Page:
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Easy Comparing English and French Political Structures of the Seventeenth and Eighteenth Centuries

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Easy Comparing English and French Political Structures of the Seventeenth and Eighteenth Centuries essay
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There are mainly two types of governments that emerged during the seventeenth century. Most of the political development took place in France and England. The absolute monarchy took over throughout France while constitutionalism, or parliamentary monarchy, was becoming popular in England between 1640 and 1780. France’s absolute monarchy developed because the nobles and kings focused on the concept of divine right. England, on the other hand, developed through the businessmen and landowners trying to prevent the central concentration of political power. These governments grasped the attention of philosophers, leaders, and churches.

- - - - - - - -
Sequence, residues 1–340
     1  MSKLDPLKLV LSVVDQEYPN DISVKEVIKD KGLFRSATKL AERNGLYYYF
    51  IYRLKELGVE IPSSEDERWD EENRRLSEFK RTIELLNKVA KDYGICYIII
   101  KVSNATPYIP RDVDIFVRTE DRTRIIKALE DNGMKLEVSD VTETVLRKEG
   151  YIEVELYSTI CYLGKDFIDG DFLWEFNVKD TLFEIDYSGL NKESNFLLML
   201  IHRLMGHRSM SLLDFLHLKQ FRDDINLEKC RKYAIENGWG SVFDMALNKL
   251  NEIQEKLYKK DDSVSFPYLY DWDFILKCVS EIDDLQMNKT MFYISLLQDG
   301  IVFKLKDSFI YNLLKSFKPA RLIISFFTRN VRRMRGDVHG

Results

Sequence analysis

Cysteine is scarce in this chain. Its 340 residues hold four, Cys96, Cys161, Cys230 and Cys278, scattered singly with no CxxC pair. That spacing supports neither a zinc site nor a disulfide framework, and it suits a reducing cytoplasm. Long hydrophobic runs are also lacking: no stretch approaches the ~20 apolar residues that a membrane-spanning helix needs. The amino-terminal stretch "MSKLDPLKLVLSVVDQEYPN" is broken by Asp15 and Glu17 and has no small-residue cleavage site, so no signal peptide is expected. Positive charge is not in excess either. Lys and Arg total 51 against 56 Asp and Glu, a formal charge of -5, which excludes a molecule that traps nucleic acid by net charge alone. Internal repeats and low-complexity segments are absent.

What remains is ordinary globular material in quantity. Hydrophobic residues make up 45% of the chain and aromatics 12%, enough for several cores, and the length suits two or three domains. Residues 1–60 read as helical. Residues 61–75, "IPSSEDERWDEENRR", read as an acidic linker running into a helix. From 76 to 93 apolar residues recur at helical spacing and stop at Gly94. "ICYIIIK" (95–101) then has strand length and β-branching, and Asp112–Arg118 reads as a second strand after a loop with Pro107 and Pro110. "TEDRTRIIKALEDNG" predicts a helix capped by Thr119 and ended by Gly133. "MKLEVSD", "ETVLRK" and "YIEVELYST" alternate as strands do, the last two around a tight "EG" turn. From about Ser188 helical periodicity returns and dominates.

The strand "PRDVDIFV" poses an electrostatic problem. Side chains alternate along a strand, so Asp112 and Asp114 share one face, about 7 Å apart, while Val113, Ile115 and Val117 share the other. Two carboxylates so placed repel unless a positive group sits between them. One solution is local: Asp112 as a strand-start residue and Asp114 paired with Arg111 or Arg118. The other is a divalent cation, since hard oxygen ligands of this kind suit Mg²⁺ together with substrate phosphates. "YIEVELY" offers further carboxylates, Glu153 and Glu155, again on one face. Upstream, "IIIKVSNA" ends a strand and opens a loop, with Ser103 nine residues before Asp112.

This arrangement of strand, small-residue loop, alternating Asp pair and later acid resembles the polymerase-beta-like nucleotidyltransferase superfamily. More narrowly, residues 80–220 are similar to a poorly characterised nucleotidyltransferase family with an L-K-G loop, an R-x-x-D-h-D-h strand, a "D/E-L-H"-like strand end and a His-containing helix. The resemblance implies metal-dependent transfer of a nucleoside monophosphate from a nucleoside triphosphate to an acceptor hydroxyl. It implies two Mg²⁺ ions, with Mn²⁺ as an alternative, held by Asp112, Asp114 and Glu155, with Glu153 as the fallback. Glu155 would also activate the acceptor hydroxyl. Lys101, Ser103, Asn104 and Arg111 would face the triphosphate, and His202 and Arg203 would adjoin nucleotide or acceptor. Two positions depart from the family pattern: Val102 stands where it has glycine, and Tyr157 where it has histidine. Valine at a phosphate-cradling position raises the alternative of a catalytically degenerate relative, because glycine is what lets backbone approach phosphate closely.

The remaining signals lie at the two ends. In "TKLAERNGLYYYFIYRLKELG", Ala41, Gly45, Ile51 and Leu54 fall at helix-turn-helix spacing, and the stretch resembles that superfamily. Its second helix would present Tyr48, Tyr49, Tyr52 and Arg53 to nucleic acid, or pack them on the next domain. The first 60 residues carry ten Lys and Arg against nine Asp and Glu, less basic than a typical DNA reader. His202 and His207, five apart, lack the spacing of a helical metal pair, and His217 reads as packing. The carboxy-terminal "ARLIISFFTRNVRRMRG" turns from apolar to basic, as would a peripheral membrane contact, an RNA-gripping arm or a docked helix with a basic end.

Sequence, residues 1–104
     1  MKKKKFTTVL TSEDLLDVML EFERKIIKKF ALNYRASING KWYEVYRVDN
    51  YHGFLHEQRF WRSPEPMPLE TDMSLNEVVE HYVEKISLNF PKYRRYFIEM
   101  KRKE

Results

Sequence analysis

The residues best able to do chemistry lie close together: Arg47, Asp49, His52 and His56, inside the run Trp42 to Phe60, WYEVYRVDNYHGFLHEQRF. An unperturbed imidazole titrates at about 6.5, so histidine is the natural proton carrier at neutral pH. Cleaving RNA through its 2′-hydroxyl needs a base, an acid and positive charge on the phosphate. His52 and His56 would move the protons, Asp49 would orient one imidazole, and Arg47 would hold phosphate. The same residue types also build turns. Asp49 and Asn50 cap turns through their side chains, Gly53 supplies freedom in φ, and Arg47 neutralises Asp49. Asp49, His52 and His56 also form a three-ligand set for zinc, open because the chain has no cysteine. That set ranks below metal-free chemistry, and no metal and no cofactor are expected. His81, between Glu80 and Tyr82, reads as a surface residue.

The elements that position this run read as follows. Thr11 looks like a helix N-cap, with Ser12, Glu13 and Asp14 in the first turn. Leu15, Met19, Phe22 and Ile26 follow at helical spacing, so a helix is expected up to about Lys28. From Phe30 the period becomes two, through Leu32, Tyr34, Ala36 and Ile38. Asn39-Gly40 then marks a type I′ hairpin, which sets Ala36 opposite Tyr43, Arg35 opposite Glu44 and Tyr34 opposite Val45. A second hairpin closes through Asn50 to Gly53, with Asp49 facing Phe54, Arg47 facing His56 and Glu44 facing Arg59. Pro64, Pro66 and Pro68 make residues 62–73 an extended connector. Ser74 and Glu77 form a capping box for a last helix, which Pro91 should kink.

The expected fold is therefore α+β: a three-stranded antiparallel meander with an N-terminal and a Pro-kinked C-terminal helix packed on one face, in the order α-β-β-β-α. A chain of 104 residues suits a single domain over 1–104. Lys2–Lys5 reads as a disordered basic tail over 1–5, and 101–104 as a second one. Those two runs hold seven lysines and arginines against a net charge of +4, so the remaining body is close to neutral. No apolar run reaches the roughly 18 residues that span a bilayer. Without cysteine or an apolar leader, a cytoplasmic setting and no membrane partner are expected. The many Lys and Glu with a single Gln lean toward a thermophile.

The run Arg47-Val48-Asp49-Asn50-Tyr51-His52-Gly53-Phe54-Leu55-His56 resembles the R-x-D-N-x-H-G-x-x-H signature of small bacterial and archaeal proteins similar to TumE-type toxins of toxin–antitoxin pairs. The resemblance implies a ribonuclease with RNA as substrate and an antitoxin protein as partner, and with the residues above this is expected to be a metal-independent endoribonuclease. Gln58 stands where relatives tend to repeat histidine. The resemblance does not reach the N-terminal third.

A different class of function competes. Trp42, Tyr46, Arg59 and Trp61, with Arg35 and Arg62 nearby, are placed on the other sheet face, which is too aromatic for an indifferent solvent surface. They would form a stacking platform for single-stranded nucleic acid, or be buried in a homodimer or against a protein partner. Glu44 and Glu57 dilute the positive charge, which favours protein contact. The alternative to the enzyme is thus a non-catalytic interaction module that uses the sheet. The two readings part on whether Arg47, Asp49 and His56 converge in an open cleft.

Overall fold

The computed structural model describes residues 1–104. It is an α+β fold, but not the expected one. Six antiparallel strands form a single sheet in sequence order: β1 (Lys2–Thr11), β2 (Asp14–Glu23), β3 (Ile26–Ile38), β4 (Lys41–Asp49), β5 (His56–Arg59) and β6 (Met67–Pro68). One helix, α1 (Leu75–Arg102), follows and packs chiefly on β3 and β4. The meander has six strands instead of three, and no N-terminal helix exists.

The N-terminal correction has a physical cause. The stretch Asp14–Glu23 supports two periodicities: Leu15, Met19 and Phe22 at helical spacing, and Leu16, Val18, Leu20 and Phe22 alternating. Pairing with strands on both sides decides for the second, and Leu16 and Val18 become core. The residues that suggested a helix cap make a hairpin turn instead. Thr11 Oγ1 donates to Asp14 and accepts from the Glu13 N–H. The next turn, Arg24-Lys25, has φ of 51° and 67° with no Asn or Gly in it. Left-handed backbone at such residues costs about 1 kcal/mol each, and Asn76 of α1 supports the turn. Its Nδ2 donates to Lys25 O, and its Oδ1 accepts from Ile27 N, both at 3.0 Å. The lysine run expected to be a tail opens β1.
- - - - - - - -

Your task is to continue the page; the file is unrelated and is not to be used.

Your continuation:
Eventually, both would develop and influence the modern world today in Europe and the Americas. France was very popular at the time for creating the idea of kings reigning by divine right. This perception was that the ruler of a specific country was put there by God. It was their divine right to be there because they were performing the work of God. The king’s subjects were not to question the decisions of the king because it was God’s will; and who can question God? King Louis XIV was the most influential toward divine rights. He expected to be treated like a god because he was His representative on earth. Louis XIV was supported by Bishop Jacques-Benigne Bossuet, who was the leader of French Catholicism in the seventeenth century. He used examples from the New Testament of rulers who were only answerable to God. Popes had insisted since the medieval times that they could only be judged by God. Bossuet and Louis XIV then argued that only God had the right to judge kings. In England, there was a lot of turmoil between the reigning monarchs and large landowners.